don't read the menu options and go directly to the page content 
Remembering those who have made possible the dreams of today. Will never forget. Will never stop honoring their legacy.…
27 Feb 2017

BWMB On The Road

You are here: Home / History / BWMB 1996 / BWMB On The Road

BWMB On The Road


Black Women Mean Business events had all been held in London until now. This was largely because Diane is a London based MP. And because the events were all organised on a voluntary basis it was easier to co-ordinate events in the capital. But news of Black Women Mean Business had spread by word of mouth. And by 1996 Black women were coming to the events form all over the country. from all over the country. We had business owners and would be entrepreneurs coming from as far away as Aberdeen. And they all said ‘’why couldn’t Black Women Mean Business events be held outside of London’’. So we listened to our public and spent some time in 1996 developing a Black Women Mean Business Road show. We wanted to bring the best and brightest of our speakers and business experts to black communities all over the country. We research possible sponsors.



Bristol in the west of England is on of Britain’s largest black communities. In the 18th century Bristol was major port where ships bringing slaves across the Atlantic docked. If you go down to the port-side in Bristol today you can still see the metal rings where the slaves were tied up. Because of the size of Bristol’s black community and because of its history, it seemed an appropriate place to hold our first regional event. We were fortunate to obtain the sponsorship of a local Bristol economic development organisation called CEED (community economic enterprise development). Our star speaker was Brenda Emmanus, the BBC television presenter and herself a businesswoman. Our speakers include: Baroness Howells of St. Davids a community activist: Yvonne Thompson, owner and managing director of ASAP Communications, a marketing and PR agency. Over 250 people attended the event. The attendees included business owners, community organisation and local banks. We discovered that the concerns of black business in Bristol were the same as the concerns of entrepreneurs in London. They needed help with access to finance. They wanted to know more about the different business advisory services available to them. They were very keen to learn more about how PR and marketing could help them grow their business. And they wanted the opportunity to network and meet with other people in a similar position with whom they could exchange information and share experience. Sometimes people in the regions feel left our in terms of initiatives being taken in London. Although the Bristol Road show took a lot of work the very positive made it all worth while. And it was agreed we should have other regional events.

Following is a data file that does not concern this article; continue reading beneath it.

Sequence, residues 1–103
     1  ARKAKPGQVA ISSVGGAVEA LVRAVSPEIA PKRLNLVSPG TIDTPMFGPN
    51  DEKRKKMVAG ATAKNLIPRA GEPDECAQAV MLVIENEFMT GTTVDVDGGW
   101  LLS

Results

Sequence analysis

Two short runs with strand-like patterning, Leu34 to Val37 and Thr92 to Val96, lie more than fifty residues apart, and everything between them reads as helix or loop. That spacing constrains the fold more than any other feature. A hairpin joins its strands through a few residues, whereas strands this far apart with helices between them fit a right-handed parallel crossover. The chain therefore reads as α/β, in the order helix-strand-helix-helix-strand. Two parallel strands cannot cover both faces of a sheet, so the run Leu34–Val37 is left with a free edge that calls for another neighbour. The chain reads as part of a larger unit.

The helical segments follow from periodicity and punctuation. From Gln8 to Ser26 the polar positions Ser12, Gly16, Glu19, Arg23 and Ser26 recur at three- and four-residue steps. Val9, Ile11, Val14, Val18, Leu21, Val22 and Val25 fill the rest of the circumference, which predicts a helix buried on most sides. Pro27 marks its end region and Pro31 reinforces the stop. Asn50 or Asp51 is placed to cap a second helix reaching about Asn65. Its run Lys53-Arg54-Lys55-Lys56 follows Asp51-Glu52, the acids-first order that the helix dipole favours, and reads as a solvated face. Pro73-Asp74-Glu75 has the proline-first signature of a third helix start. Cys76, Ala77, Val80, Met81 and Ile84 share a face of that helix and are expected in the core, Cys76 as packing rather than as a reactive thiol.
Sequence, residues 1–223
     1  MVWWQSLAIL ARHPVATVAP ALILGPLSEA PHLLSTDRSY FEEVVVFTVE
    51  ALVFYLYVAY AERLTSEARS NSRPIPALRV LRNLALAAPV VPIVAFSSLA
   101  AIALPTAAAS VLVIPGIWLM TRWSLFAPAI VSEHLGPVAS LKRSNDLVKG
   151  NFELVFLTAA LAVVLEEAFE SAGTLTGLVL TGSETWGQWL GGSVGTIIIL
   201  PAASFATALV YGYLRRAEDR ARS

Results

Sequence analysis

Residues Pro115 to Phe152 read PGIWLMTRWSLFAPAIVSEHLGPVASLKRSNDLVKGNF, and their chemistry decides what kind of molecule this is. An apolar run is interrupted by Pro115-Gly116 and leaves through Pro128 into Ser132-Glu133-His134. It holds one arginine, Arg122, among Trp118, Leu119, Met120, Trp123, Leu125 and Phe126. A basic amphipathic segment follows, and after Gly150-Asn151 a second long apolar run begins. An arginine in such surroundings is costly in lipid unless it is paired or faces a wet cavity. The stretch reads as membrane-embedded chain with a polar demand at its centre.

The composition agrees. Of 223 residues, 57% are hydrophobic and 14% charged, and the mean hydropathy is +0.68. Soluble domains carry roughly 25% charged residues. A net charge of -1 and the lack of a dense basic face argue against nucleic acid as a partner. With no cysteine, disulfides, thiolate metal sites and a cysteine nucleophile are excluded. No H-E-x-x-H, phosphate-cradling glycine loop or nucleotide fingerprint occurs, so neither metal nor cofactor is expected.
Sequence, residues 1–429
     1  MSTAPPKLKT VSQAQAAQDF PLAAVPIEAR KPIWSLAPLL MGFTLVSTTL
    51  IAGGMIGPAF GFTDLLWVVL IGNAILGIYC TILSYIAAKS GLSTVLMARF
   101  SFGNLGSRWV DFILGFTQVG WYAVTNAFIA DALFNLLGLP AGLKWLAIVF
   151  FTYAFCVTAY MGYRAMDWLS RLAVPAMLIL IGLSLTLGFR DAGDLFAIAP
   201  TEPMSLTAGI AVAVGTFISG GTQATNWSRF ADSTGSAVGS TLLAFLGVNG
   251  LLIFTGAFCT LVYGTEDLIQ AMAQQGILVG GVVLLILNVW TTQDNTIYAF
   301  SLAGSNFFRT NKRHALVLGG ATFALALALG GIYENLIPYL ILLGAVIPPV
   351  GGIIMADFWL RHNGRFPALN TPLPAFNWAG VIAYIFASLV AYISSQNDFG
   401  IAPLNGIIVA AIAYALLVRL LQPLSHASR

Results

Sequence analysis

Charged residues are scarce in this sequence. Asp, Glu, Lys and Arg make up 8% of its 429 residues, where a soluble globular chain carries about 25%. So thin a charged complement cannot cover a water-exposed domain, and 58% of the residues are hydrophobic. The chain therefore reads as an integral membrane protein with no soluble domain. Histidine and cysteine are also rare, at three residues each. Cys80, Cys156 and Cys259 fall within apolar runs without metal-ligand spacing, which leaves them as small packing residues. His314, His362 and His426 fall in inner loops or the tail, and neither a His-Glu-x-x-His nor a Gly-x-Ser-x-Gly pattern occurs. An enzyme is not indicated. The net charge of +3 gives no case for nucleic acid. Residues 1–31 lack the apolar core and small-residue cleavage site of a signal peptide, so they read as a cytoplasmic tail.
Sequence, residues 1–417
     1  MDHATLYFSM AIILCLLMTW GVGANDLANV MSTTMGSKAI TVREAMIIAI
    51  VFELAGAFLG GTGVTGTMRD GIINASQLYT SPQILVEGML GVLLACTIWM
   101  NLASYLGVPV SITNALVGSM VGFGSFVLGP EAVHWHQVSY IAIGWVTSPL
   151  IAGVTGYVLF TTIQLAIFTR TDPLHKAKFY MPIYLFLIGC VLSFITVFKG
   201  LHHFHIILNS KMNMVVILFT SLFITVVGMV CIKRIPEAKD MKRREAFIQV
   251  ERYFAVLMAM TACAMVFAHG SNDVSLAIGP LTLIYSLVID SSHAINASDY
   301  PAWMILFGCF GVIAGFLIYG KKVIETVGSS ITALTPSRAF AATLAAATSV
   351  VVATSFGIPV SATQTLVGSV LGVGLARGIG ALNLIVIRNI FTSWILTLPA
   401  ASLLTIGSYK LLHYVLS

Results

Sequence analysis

In July of 1997 we took the Black Women Mean Business Road show to Luton in Bedfordshire. Luton and the surroundings area has a large black community many of them moved to the area in the 60’s to work in the car industry. We had many women from Luton and the three countries attending Black Women Mean Business events in London. We were fortunate to obtain the sponsorship of Luton University’s Business Department. The event was a long conference with workshops on practical subjects like PR and marketing and finance. We also brought down a beautician who gave advice on personal presentation and performed make-over’s on a number the women. The make make-overs were particularly popular. Our speakers included: Angie Greaves a BBC Radio Presenter; Baroness Ros Howells of St. Davids and Elsa Redwood of the North London Business Development Agency. Over 200 women from the Luton area attended.

website by Hudson Berkley Reinhart Ltd